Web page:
Wednesday, January 16, 2008

DRM is bad

DRM, or Digital Rights Management, is technologies that allow publishers to control how video and e-books are used. For example, publishers can assign passwords, or prevent printing, or prevent copying paragraphs to the clipboard for pasting into book reports.

DRM is bad for purchasers because it is complex and error-prone. Publishers say it is a good deal from consumers, claiming the restriction prevents pirates from bootlegging copies, thus allowing the publishers to sell for lower prices. As e-books and song downloads cost nearly as much as buying hardcovers and CDs, this claim seems dubious.

With DRM, you effectively have the material but the ability to read it is stored online. One of the biggest dangers of DRM is that problems with the publisher will lock you out of media you've paid for! This happened recently when Major League Baseball cut off access for fans who had bought videos of baseball games.

Almost no one likes DRM. So it was surprising to see Kevin Barry and Zachary 'Beast' Beasley promoting it in their January 2008 Celator column, The Internet Connection. They write “We firmly believe that authors and publishers should be paid for their efforts, and DRM is particularly important for niche markets such as ancient coin reference books.”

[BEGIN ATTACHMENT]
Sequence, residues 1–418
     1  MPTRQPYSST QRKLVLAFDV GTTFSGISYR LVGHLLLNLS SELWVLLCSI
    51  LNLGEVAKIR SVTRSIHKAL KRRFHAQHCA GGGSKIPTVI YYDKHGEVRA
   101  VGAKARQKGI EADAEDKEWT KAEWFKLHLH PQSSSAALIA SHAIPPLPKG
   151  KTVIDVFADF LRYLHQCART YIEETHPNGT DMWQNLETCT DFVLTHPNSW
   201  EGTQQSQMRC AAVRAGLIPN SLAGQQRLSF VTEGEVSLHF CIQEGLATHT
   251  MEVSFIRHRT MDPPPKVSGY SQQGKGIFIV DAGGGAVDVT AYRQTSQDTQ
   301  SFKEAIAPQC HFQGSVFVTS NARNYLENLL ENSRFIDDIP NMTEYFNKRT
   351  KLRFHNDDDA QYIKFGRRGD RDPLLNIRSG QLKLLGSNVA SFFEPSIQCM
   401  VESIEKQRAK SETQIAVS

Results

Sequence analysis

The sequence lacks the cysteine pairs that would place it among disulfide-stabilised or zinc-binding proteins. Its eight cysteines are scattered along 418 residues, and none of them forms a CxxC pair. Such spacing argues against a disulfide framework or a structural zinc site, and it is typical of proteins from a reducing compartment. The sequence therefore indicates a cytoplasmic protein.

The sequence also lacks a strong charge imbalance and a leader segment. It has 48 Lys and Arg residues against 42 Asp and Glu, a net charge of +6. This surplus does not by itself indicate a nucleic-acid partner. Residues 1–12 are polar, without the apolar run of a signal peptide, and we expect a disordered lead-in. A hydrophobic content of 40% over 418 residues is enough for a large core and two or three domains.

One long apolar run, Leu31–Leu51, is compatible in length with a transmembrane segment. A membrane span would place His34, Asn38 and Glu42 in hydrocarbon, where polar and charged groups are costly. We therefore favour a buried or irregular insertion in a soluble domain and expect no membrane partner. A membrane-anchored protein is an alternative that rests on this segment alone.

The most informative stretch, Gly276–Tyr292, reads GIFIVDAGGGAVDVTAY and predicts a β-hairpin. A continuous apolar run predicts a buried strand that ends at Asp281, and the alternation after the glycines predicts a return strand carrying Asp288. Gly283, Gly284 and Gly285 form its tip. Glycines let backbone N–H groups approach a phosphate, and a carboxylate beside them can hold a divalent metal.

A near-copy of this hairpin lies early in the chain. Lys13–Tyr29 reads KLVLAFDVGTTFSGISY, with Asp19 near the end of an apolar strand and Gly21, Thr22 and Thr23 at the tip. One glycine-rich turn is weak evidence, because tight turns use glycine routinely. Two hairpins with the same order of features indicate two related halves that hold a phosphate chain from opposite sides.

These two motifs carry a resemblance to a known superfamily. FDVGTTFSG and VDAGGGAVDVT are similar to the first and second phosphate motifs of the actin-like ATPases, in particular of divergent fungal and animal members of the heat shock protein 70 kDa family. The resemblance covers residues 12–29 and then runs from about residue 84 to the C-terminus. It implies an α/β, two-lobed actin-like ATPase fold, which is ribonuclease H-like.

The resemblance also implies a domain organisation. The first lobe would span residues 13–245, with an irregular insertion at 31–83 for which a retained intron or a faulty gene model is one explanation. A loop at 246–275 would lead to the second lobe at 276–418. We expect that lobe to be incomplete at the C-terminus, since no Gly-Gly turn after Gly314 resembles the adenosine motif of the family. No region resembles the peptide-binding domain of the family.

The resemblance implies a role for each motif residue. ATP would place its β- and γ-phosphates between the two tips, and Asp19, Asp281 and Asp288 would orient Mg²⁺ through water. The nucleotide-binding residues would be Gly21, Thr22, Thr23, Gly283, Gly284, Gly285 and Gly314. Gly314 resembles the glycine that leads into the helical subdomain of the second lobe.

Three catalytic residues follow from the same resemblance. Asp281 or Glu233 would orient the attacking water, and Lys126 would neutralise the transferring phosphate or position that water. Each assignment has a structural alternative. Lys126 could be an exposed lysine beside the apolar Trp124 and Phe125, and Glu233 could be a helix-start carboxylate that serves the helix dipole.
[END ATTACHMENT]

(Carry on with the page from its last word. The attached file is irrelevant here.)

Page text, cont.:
There is a bit of irony here. The Celator doesn't pay. I doubt Barry and Beasley got paid to write that authors should be paid. Barry and Beasley write about the Internet, a medium where almost no one gets paid.

Most numismatic books lose money. Folks mostly write because they love to share their knowledge. It would be great if writers got paid more than, say, coin dealers. This doesn't happen. Making it harder to buy an e-book hurts writers.

The ANS library is worth a visit. They have 18th century numismatic books in open stacks. I have looked at these books. They still work. I don't get an error opening up an Eckhel or Mionnet tome because the publisher is out-of-business and my password didn't handle Y2k, or Y1800, or Latin becomming a dead language. If numismatic books get DRM-ed, then book buyers will get screwed just like baseball fans.

I'm not saying this because I'm a pirate. I don't copy books that are in-print, and I try hard to avoid copying out-of-print books. I prefer books to coins, and returned from the NY International show without any new coins but with three new books. I'm saying this as a friend. Avoid DRM.

I did purchase a DRM-ed numismatic book once, Barclay Head's BMC Ionia. Even though I paid, and had a password, my computer wasn't compatible. I downloaded a free program to bypass the DRM. I had to waste a lot of time. The 'publisher' didn't send a cent to Barclay Head. Not because he's been dead for 90 years, but because the book is in the public domain.

Barry and Beasley don't mention numismatic e-books, except to say Spink has no plans to publish any. A title that looks interesting is from Krause — 2008 Standard Catalog of World Coins 3 DVD Set. This is the Krause books 1801-1900, 1901-2000 and 2001-Present. I saw the box at the Krause booth at the NY International show last week but haven't used the product or seen it demonstrated. George Cuhaj confirmed the illustrations are black and white.

1 comment:

Voz Earl said...

Good post, I concur completely. I am of the opinion that obsession with copyright protection in general hampers intellectual progress and DRM in particular infringes on consumer rights. I can't see myself ever knowingly purchasing such a product--consider it voting with my wallet.